Article semi-protected for 3 days[edit]

Due to escalating IP involvement in the edit war, the page has been semi-protected for the next three days.

Please stop edit warring on the article and take discussions to the article talk page here. Georgewilliamherbert (talk) 23:32, 21 July 2009 (UTC)

. . . and the edit war has broken out again.
I am knowingly walking into a minefield, but based on AP and Reuters articles (which I've used as cites in the nuclear triad article) on the Arihant's launch three things are clear: 1) It is (or is meant to be, in some fashion at least) definitely a SSBN. 2) It is still under development (it doesn't even have a reactor yet, for heaven's sake). 3) It does not yet have any ballistic missiles to fire. Thus, Arihant clearly belongs in the Under Development subsection. If you want to argue these points, you'd better have good cites. YLee (talk) 12:39, 26 July 2009 (UTC)
I agree, this article suffers from far too much pushing of the Arihant as though it's in service. There are doubts over whether it is a ballistic missile submarine. Space25689 (talk) 01:00, 6 June 2010 (UTC)

Earliest Model Launch Depths[edit]

Earliest models of SSBN submarines carried the Polaris A1, A2, and A3 missiles. From the beginning, missiles did not have to be launched from the surface. Maximum launch depth for all three models of Polaris was 100 feet. —Preceding unsigned comment added by (talk) 15:53, 26 May 2010 (UTC)

Classes under development[edit]

I've added tags to each class under development. I hope this helps clarify their stage of development. I oppose having two sections for classes under development as this seems POV. I read the source regarding an Arihant follow on class but couldn't find any mention of such a class. Many countries with SSBNs have plans to replace their current SSBNs, such as the USA and UK have plans to do so, but those planned classes are not mentioned in the article because their just plans so far rather than already under development. Space25689 (talk) 17:47, 14 June 2010 (UTC)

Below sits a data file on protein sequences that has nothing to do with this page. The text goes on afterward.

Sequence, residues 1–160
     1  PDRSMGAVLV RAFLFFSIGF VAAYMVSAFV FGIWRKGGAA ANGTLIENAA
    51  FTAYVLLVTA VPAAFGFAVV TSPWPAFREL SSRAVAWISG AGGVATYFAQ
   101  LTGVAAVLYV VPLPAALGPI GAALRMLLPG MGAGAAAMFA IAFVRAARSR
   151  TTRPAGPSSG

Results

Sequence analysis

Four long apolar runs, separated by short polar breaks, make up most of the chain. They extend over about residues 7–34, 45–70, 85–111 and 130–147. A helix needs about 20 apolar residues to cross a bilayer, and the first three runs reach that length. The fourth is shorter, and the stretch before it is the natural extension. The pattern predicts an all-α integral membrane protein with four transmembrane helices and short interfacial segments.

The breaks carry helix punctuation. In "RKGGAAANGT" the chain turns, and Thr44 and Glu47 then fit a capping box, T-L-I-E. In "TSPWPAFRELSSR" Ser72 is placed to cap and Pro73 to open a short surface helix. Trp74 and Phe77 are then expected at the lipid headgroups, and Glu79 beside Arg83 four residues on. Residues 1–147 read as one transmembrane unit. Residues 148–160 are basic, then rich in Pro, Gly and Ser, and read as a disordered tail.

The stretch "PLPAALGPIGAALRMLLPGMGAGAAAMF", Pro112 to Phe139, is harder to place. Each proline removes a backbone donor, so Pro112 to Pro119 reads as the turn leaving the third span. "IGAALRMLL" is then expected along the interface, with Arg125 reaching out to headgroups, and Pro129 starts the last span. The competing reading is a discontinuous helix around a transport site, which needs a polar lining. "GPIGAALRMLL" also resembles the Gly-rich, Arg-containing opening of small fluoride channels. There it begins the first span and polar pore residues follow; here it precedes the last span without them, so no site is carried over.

Why should it be POV? Can you answer that. The objective is clarity when you say certain submarines are undergoing sea trials and some are planned. Is removing this POV or not? If you have not seen it, then you must read it again. I'm asking you what's the objective of Wikipedia. To provide information or to hide it. If there is proper information about plans for a new generation of Nuclear subs with sources then why not add it. Is it not a POV hiding this information from readers?
I don't have any objection to the list with proper information of the stage of development of the submarine like sea trials etc. Is the Type 096 in planning stage or has started production? Also add the Follow on to the Arihant in planning stage.Bcs09 (talk) 14:36, 18 June 2010 (UTC)
There is no need for multiple sections for SSBNs under development. They are all under development, whether at different stages of development or not. Any important information, such as that regarding stages of development, is noted in the section. There's only one section for SSBNs in service, and there should be only one section for SSBNs under development for the same reason. It is POV to have multiple sections for SSBNs under development in order to exaggerate those near completion over those which are in the early stages of development. It is also POV to include future classes of SSBNs without supporting reliable sources. The US Navy and Royal Navy have planned future SSBNs but there is no mention of these in the article because they are still speculation. Future SSBNs without academic sources should not be added to the article as that would be wp:original research. Also remember, Wikipedia is not a wp:crystal ball. Only reliable academic information should be published on articles. Space25689 (talk) 04:43, 21 June 2010 (UTC)